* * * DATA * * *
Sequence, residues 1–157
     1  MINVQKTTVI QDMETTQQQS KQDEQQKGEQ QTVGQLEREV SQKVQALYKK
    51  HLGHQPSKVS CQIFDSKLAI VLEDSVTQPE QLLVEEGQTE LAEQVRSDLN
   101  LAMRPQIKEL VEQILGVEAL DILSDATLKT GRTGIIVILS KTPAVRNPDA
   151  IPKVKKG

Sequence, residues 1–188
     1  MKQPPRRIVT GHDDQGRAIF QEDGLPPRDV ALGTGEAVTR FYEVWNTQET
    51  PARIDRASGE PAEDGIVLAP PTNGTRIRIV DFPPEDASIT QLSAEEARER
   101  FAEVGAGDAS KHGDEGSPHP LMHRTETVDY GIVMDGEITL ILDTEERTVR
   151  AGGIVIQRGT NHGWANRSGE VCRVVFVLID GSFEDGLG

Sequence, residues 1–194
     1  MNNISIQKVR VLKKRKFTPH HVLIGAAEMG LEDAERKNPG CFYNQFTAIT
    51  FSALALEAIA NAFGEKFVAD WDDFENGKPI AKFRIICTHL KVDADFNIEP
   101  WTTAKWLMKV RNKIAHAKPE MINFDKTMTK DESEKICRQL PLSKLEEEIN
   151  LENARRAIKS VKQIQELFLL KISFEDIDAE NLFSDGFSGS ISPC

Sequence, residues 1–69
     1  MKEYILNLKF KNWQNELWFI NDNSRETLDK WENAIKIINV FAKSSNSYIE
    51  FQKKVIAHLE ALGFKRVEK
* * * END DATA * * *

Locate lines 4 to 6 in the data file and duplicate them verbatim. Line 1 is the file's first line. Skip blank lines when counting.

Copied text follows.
   101  LAMRPQIKEL VEQILGVEAL DILSDATLKT GRTGIIVILS KTPAVRNPDA
   151  IPKVKKG

Sequence, residues 1–188